9. One of Milan's main jobs as an orderly in the hospital is to carry women from their beds to surgical tables. When he carries them to and from the operating theater, they place their arms around his neck and lay their heads against his shoulder. They confide their lives, admitting him to "the empire of women, the empire of suffering." Milan says,"The carrying of women was, apart from the poor salary, my only reward. Evanescent moments of intimacy took place like minor miracles." What might Milan mean by this? How does Milan see his role? How do the women perceive Milan? What is the significance of Milan carrying women?
10. There are many passages in The Year of the Frog where Simecka describes Milan's running. What does running mean to Milan? What significance does running have in this book? Is Milan's running a metaphor? If so, what might it be? Is Milan running from anything? Why might Milan feel the need to push his body past its limits?
11. Throughout the entire story, Milan's father is in prison. How does this fact color Milan's life? How does he come to terms with it? How does this fact affect you? What might Milan's relationship with his father be? Milan's mother is in emotional pain over her husband's imprisonment. What effect do her circumstances have on Milan? On the story? How do you relate to Milan's mother? Do you sympathize, empathize, and/or grow impatient with her pining?
12. From the beginning of this book, with the death of Mrs. Bohush, to the end of the book with the death of Tania and Milan's baby, death is a constant presence in The Year of the Frog. How does Milan deal with death? How does his relationship to death differ from the beginning of the novel to the end? What is Tania's relationship to death?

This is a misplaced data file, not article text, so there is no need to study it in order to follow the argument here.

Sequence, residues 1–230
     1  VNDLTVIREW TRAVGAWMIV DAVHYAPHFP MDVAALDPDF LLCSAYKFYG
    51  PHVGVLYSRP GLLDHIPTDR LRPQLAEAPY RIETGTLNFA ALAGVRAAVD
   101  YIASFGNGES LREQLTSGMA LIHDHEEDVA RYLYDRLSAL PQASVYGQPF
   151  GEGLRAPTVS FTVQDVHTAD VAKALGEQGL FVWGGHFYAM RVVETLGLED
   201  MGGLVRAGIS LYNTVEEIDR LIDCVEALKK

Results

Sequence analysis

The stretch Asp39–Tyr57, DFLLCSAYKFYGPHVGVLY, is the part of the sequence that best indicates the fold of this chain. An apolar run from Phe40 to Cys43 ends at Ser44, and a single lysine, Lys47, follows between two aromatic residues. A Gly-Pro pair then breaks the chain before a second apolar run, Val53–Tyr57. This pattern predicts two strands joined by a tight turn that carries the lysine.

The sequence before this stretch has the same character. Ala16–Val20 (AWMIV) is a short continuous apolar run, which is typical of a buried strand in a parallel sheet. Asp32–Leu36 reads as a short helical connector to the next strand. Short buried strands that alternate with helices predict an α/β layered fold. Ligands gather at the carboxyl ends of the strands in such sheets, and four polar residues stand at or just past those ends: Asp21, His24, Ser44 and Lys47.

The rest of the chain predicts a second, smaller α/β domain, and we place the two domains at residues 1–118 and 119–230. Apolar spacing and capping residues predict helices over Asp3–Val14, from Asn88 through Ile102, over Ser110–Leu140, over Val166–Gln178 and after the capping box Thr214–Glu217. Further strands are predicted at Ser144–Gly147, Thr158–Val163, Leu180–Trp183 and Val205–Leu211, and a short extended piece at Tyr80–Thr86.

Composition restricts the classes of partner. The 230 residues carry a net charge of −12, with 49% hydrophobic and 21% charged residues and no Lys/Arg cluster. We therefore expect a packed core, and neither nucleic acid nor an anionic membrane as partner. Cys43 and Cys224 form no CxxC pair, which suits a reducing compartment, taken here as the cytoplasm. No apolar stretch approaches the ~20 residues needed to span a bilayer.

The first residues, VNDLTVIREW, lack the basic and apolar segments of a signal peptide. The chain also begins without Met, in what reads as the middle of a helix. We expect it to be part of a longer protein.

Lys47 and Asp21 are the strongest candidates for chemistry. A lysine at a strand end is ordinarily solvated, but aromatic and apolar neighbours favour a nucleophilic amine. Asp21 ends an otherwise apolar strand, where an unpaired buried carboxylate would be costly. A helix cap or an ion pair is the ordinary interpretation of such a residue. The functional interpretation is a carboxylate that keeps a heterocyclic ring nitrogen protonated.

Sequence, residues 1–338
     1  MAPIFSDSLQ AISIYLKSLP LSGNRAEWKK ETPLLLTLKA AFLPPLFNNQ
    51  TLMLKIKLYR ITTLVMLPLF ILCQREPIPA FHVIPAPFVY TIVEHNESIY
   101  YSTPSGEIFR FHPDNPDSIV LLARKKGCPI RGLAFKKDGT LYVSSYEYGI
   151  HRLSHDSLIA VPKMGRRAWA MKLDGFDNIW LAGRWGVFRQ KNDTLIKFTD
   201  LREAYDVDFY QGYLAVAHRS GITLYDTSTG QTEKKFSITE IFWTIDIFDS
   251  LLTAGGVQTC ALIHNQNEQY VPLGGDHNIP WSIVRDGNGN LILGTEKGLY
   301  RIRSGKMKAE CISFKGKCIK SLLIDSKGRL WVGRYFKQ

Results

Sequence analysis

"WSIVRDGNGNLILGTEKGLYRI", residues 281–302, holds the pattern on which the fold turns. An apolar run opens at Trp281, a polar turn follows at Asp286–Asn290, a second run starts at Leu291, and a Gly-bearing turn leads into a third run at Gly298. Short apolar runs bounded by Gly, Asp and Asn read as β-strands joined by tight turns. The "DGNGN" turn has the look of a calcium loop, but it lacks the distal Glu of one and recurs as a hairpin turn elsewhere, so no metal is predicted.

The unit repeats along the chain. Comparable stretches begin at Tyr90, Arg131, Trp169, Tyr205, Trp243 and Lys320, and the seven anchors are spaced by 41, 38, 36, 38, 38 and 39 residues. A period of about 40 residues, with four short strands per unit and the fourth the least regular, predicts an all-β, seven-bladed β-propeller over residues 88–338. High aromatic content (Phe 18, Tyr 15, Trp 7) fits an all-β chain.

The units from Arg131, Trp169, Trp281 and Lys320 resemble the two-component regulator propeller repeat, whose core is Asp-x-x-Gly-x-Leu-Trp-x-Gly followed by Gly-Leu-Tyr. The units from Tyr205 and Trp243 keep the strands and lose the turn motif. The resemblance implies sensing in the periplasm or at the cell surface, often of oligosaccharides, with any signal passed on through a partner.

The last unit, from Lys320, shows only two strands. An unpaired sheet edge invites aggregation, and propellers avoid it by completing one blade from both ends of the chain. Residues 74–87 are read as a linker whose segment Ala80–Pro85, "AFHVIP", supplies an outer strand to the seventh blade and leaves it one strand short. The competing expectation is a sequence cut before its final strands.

13. At the end of the novel, Milan and Tania's baby girl is born prematurely and dies. How does Milan react to this death? How does Tania? When Milan reaches the hospital's basement, he knows that his daughter has been put into the furnace fire. What might this mean and/or symbolize to him? What does it mean to burn dead babies in a hospital furnace?
14. "The first experience of the world is murderously gloomy," Milan says after a baby boy is born,"and though he will try to forget it all his life, one day he will find that it alone was the true one." Does this sentiment pervade the book? How do you feel about this statement? Is Milan essentially a pessimist or an optimist? What other opinions about life does Milan possess?
15. Milan asks many profound questions in this book, especially while he works in a hospital. When a young woman dies after an operation, he asks Mother Nature: "But tell me, why did you make her a woman? Why did you let her bleed once a month from the age of twelve? Why did you let her eat, dream, understand? And why the hell did you make her in the first place?" What is it about Milan that draws him to ask such questions? Why are we so often drawn to questions such as these? Are there any answers? How do you answer such questions? How does Milan finally answer them? How does he come to live with the answers? How do you?
16. "Goodness," says Milan,"is the antidote to nothingness, and while I strive for it, I'm safe." How does this idea of goodness direct Milan's life? How does it pervade the novel? What does this say about life?